willing

[wil-ing]
adjective
1.
disposed or consenting; inclined: willing to go along.
2.
cheerfully consenting or ready: a willing worker.
3.
done, given, borne, used, etc., with cheerful readiness.

Origin:
1250–1300; Middle English. See will2, -ing2

willingly, adverb
willingness, noun
overwilling, adjective
overwillingly, adverb
overwillingness, noun
prewilling, adjective
prewillingly, adverb
prewillingness, noun
quasi-willing, adjective
quasi-willingly, adverb


1. minded.
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Based on the Random House Dictionary, © Random House, Inc. 2014.
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World English Dictionary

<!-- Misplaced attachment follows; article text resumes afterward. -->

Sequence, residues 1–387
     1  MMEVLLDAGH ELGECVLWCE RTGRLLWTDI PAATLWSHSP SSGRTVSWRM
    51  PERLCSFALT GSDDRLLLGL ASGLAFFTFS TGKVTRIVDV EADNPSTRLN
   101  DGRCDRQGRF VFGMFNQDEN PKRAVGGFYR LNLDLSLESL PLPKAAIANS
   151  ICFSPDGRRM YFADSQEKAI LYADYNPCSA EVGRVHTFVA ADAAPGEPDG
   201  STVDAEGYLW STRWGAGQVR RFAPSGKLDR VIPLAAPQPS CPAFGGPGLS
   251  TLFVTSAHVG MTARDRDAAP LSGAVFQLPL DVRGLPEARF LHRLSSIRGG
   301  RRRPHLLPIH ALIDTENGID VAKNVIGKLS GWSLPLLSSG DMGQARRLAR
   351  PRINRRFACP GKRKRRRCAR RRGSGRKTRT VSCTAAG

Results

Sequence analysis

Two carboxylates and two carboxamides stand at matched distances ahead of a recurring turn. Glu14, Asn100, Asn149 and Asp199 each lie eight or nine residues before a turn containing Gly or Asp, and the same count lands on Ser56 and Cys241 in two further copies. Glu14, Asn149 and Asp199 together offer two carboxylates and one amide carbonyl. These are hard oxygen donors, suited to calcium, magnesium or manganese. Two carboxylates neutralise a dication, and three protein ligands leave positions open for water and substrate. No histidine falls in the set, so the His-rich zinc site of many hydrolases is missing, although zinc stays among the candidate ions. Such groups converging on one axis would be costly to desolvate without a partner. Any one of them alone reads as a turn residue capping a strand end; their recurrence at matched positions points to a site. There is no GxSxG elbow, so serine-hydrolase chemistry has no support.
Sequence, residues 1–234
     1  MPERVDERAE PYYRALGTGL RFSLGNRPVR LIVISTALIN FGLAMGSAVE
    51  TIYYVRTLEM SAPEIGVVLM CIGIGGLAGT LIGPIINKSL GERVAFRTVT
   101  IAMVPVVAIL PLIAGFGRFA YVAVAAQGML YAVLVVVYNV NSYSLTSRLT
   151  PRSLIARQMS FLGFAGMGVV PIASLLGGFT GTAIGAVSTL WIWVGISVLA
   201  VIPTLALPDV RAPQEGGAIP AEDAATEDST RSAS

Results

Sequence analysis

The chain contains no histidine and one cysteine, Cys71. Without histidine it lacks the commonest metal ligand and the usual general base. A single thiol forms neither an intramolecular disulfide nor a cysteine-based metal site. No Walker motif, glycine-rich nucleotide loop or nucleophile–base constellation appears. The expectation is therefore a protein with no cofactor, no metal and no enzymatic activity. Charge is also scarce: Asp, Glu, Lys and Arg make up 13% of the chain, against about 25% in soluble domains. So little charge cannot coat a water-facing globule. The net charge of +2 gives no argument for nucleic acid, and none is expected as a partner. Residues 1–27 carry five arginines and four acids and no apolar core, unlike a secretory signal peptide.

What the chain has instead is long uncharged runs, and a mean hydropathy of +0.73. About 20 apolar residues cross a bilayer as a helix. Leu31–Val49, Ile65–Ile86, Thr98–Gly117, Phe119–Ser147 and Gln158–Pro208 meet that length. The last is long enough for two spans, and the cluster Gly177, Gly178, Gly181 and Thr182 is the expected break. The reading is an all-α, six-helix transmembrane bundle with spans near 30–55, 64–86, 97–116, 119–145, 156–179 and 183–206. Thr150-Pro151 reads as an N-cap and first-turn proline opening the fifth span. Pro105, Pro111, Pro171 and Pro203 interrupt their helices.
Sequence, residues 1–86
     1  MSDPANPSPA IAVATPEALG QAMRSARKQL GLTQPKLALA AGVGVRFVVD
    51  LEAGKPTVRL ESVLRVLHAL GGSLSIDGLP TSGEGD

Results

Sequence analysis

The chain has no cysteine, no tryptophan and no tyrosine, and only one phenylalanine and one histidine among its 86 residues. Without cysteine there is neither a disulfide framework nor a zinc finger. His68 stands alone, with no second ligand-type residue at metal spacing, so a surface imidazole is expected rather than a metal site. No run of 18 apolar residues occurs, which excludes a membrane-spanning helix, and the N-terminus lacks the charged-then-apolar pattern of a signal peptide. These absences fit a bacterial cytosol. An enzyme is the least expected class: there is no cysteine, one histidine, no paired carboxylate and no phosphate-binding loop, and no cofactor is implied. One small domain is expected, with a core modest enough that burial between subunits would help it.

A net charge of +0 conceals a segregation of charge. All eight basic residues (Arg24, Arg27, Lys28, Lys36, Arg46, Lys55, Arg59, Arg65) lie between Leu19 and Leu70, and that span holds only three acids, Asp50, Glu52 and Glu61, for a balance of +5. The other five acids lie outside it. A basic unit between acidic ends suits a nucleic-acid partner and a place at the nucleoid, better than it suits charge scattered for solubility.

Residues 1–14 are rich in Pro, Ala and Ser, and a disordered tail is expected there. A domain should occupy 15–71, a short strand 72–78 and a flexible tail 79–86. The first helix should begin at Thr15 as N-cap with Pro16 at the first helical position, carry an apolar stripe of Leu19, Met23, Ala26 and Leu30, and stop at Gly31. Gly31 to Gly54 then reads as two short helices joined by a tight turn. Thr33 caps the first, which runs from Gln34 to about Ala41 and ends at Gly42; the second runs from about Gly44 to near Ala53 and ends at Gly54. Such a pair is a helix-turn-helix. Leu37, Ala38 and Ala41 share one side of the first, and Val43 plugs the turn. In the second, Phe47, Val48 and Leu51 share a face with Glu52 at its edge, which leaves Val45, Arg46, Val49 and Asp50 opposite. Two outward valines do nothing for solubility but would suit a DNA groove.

willing (ˈwɪlɪŋ)
 
adj
1.  favourably disposed or inclined; ready
2.  cheerfully or eagerly compliant
3.  done, given, accepted, etc, freely or voluntarily
 
'willingly
 
adv
 
'willingness
 
n

Collins English Dictionary - Complete & Unabridged 10th Edition
2009 © William Collins Sons & Co. Ltd. 1979, 1986 © HarperCollins
Publishers 1998, 2000, 2003, 2005, 2006, 2007, 2009
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Etymonline
Word Origin & History

willing
O.E. willendliche; see will (v.).
Online Etymology Dictionary, © 2010 Douglas Harper
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Example sentences
What they share is willingness to use the same brutal tactics to achieve their
  goals.
Vegetarians differ in their willingness to consume these ingredients.
Your willingness to try and appreciate these things is admirable.
The great cats represent the ultimate test of our willingness to share this
  planet with other species.
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